OTTAWA – Jagmeet Singh found himself under fire from several of his fellow federal NDP leadership hopefuls on Sunday, in what could be an early sign that his rivals consider him to be the candidate to beat.
Yet for all the attention — and the fanfare that greeted his late entrance into the leadership race last month — Singh appeared to be short on immediate answers for some of the most pointed attacks directed his way.
The sparring erupted during the NDP’s fourth leadership debate, this time in St. John’s, Nfld., where the five people hoping to lead the third-place party were in agreement more often than not.
That included criticism of the Trudeau government’s plan to dramatically increase defence spending and the need to tackle what the candidates said was the growing threat of income inequality.
Yet differences did emerge, and none was more evident than Singh’s refusal to follow the other candidates in categorically opposing an expansion of Kinder Morgan’s Trans Mountain oil pipeline in Alberta and B.C.
Manitoba MP Niki Ashton and B.C. MP Peter Julian both raised the issue in pointed questions to Singh, who stepped down as Ontario’s NDP deputy leader to run for the federal party’s leadership.
“Our federal caucus is opposed, and I believe that we can’t sit on the sidelines when it comes to such an important issue,” Ashton said at one point. “I’m wondering where you stand on Kinder Morgan.”
But Singh refused to take a position, saying instead that he wanted to consult with Alberta and B.C. before releasing his response to the pipeline expansion as part of a broader climate-change plan.
“I believe as a leader, we need to find ways to bring people together and we need to make sure that we speak to all people impacted,” said Singh, who entered the leadership race late but to much fanfare.
That didn’t sit well with either Ashton or Julian, who pressed the issue a few minutes later.
“We have a situation where British Columbians have said no. We have the federal caucus who has said no. There is a very clear consensus among New Democrats,” Julian said.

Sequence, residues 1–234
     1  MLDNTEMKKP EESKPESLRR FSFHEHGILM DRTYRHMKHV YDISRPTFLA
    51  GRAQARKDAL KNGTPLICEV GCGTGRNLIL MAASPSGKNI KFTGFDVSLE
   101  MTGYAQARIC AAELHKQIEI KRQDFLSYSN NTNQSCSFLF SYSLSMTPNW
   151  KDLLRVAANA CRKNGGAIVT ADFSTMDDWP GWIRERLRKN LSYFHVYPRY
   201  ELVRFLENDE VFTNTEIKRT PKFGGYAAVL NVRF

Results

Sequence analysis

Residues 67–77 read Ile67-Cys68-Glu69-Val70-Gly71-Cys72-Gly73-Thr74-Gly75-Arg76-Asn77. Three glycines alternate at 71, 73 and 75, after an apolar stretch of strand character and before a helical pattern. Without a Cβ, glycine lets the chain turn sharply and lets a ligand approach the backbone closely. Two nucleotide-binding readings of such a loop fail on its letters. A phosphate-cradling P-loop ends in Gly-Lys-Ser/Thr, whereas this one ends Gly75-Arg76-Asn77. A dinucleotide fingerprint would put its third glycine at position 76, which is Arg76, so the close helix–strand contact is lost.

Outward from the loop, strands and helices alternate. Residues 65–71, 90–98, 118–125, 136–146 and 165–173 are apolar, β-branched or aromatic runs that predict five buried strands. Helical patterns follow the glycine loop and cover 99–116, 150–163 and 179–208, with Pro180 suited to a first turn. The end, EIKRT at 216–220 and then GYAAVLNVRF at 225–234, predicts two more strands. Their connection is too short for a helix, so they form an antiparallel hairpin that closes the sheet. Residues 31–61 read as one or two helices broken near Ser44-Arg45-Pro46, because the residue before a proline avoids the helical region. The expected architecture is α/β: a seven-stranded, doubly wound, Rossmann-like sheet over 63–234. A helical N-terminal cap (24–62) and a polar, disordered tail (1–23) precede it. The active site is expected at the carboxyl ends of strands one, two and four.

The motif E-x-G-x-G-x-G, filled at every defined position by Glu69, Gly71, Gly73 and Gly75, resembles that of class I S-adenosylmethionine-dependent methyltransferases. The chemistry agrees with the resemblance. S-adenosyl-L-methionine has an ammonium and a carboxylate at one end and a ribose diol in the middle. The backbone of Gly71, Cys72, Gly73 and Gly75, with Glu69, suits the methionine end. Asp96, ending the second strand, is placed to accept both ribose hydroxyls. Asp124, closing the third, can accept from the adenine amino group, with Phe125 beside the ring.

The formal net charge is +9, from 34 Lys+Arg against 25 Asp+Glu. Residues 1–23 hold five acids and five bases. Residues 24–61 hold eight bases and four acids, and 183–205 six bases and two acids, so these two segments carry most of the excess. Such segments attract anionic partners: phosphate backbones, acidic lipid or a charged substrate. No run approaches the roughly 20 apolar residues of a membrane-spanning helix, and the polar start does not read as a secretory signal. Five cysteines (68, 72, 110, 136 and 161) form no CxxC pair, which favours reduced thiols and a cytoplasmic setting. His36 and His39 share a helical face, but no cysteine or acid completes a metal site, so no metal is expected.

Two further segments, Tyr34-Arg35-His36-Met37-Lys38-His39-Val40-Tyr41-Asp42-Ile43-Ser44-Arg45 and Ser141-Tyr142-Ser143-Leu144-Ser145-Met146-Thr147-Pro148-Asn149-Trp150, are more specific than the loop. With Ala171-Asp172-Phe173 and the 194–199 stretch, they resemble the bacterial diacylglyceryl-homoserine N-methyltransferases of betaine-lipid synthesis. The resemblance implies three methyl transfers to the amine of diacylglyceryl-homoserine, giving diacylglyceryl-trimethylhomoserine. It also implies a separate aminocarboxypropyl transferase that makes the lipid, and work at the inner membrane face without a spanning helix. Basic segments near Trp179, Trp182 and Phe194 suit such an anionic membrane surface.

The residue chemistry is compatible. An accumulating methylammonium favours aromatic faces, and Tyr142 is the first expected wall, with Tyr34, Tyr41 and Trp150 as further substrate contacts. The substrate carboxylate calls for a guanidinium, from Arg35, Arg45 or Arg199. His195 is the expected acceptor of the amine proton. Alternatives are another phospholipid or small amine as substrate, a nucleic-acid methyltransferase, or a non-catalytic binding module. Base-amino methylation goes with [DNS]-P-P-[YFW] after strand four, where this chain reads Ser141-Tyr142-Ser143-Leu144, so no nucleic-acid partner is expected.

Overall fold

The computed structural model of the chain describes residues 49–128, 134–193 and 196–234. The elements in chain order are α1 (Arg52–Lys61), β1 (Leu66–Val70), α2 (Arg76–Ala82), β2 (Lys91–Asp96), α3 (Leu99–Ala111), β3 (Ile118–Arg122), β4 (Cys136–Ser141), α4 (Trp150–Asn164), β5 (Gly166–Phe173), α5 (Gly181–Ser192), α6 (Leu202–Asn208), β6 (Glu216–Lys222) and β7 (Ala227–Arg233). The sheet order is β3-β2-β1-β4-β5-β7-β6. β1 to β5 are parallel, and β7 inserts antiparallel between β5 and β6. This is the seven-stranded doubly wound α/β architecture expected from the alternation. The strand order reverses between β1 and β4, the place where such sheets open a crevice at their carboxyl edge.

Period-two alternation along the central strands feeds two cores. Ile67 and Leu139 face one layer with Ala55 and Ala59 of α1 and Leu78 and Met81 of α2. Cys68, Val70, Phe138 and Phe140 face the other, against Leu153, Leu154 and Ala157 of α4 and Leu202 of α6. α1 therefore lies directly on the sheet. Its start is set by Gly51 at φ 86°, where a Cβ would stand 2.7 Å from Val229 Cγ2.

“I do not understand your hesitation about saying no to a project that has such a profound downside for British Columbians.”
Singh insisted he shared the same values as other New Democrats, which includes protecting the environment, fighting climate change and respecting indigenous rights.
“But I want to be respectful of the realities, so I look forward to meeting both with B.C. NDP folks, and folks from Alberta,” he said.
Ontario MP Charlie Angus also got in on the action when he demanded in a heated exchange to know whether Singh planned to run for federal office even if he didn’t win the leadership race.
“You have to make a decision,” Angus said. “I’m asking you think because you’re telling Canadians to have courage and join you. I would suggest that you could show courage and tell us: Are you going to join us?”
Singh sidestepped the question, saying: “I will continue to fight in the provincial level. I’ll continue to fight in other provinces. I’ll continue to fight on the federal level, as I have done before.”
Federal NDP members will vote in October on who will replace Tom Mulcair as the party’s next leader.
Quebec MP Guy Caron actually set the stage for a more fiery leadership debate early on when he singled out for criticism a specific policy proposal that had been put forward by each of his competitors.
Caron’s own proposal to establish a minimum income level was in turn panned by several of the candidates as being unaffordable and unrealistic.
Angus also went after Ashton and Julian for their plans to offer free tuition for students, questioning where they would find the money.
There are four more leadership debates scheduled, with the next to take place in Saskatoon on July 11.